I absolutely adore Love Without Boundaries, an organization that provides so much to orphans and children with special needs living in China. For more information about this organization and how you can give to their worthy cause, go here. I follow LWB's blog, and recently Amy, the founder, posted a personal story about abandonment in China. Here is the post below:
"I think it is a fair statement to say that most of us who have adopted internationally think that our child's birthparents made the decision to abandon their child. I have read many essays and poems where adoptive parents imagine the birthmother hiding in the bushes or watching until the tiny bundle is found. Perhaps that is how you imagine it to be as well. I know I certainly did, until I helped run a cleft mission where many of our patients were rural children with families. On that trip, parents told me one story after another that quite simply turned everything I thought I knew about abandonment on its head.
I want to share one of those stories today, as I have been thinking so much about my son's birthparents lately.
On this particular cleft mission, we had far more babies needing surgery than space available, so very sadly we were having to turn families away. We had set a weight requirement for the kids' safety, and we soon learned that parents were sewing rocks into their babies' clothing in the hopes that their kids would meet our 10 pound requirement. We also had begun turning away babies who were obviously younger than 5-6 months because we wanted to make sure the kids would do well under anesthesia.
I was sitting in the intake room one morning when an anxious young woman came running in holding a tiny bundle. I could immediately tell that the baby was a newborn, and I asked our Chinese director to break the bad news to the woman that the baby was far too young for surgery. As she was given the news, the young lady burst into tears and began pleading and begging to have her child be seen. My friend came over to me and told me that I needed to go and speak with the woman in private, and so I did. She pulled back the blanket to reveal a tiny baby girl with severe cleft lip. The mother told me that her daughter was 28 days old, and that their period of confinement was over in just 2 more days. As she was crying and talking, the mom kept kissing her baby's forehead, and she kept telling me again and again, "I love her....I love her so much."
But then she went on to tell me that her extended family would not accept her daughter since she had been born with a cleft lip. They felt this tiny baby would bring shame to them all. With tears streaming down her face, she told me that her mother-in-law was coming to take the baby away from her in two days' time. The mom was begging me to heal her daughter, to make her daughter beautiful, so that she could keep the baby that she had carried inside of her for 9 months….the daughter she loved completely. When I explained that the baby could not safely be put under anesthesia at four weeks of age, she fell on her knees and was sobbing at my feet, pleading and crying and begging me to help her. Right now...even typing this story....it brings a pain to my chest that I cannot describe.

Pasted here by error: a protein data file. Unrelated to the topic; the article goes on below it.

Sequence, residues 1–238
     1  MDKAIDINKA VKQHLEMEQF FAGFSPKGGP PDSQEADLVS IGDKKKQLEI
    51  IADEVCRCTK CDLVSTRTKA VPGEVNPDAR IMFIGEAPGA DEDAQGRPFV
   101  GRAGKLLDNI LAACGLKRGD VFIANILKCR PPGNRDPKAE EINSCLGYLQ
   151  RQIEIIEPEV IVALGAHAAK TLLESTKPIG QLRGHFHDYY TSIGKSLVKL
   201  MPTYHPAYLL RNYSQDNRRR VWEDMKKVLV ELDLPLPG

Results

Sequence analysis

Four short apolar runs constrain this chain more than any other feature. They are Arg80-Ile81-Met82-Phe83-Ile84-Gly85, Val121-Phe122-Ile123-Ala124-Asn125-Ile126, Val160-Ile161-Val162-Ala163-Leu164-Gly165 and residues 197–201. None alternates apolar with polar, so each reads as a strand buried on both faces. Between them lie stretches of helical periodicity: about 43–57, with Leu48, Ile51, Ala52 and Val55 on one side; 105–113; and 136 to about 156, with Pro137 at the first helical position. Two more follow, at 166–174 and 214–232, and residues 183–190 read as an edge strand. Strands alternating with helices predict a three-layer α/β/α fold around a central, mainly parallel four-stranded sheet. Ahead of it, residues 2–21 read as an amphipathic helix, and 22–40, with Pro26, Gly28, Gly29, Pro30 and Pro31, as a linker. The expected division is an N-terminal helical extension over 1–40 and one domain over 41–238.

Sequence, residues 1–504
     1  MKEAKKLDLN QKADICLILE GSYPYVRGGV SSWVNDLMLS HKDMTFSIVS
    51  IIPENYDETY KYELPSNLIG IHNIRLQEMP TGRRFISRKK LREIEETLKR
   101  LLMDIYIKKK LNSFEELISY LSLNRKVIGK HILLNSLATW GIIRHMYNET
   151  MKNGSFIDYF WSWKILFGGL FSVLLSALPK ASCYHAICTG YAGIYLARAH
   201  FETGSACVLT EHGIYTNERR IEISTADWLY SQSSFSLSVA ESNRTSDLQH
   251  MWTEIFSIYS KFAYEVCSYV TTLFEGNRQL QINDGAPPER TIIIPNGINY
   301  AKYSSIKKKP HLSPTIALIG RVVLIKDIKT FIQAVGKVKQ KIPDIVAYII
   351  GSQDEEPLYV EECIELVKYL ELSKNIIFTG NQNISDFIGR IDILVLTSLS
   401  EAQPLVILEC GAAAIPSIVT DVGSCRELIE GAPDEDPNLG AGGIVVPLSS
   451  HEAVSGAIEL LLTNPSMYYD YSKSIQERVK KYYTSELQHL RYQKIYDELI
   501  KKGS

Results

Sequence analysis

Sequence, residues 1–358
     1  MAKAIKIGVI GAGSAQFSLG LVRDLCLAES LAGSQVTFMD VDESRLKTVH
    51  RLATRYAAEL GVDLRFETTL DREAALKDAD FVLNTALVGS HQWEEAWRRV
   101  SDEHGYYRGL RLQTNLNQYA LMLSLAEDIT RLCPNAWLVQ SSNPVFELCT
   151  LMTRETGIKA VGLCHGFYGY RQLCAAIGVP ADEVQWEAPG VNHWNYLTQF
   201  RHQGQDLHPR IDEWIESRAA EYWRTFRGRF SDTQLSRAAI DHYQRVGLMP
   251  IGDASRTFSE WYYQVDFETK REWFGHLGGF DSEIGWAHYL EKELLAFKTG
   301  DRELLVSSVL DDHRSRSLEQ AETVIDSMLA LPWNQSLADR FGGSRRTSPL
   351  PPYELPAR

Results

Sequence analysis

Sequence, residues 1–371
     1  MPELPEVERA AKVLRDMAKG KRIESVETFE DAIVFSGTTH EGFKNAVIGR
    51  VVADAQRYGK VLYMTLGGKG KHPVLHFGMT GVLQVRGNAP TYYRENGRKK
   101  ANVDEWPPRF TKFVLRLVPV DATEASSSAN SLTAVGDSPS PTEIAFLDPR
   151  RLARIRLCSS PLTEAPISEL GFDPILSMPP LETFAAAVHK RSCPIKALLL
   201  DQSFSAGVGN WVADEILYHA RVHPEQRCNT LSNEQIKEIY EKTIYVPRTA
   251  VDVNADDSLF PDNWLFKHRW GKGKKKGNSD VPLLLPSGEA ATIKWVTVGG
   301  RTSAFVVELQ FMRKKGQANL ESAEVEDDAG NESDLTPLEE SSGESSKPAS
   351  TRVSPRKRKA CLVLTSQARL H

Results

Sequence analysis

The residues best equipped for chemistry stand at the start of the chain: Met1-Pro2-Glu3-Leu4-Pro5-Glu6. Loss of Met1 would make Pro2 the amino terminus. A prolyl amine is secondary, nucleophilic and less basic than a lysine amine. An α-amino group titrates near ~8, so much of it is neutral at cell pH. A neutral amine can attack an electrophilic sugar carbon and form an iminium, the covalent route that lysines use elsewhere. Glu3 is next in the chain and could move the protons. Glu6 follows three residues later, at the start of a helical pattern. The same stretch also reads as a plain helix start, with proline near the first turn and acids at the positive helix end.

Over and over on that trip, I heard stories from birthparents who adored their children with cleft, but who were told the children could not stay in the extended family. I met a woman whose daughter with cleft had been taken from her by her in-laws while she slept. She never saw her daughter again. She had come to our mission after reading about it in the paper, to thank us for giving parents a chance to keep their children.....a chance she herself did not have.
That trip changed everything for me about how I view birthparents in China. Many people give pat explanations about infant abandonment that cover the issue in blanket terms: “Babies are abandoned because rural families want sons.” “Babies are abandoned because the medical needs were too great.” Simple, one line sentences, to explain a personal life event that is often very complex.
When it comes to human life, and heartbreaking decisions…..abandonment and loss.....I have learned that there are rarely simple explanations. Every single one of our children faced a great loss in their lives, but the reality is…..we have no idea about the deep, personal stories of the people involved. We have no idea who made the decision that a child couldn’t stay in the family. We have no idea of the anguish, or sacrifice, or resignation experienced. It is easy to think it was a birthparent who lovingly placed the child by the orphanage front gate, but it could have just as easily been an in-law or an uncle who was given instructions by the head of the family to remove the baby from the home. Every child has their own unique story. It certainly hurts more, however, to think that any of our kids have birthparents like the woman I met on that very somber day.
There is still such a stigma surrounding children born with special needs, especially in the rural areas of China. For those of us parenting these amazing kids, the unknowns of their beginnings are very sad to think about, aren't they? Have you thought much about this issue? Do you normally think of a birthparent making the decision to leave a child? Or were you already aware that especially for children with special needs, many become orphaned to not bring shame to the family at large?" - Amy, LWB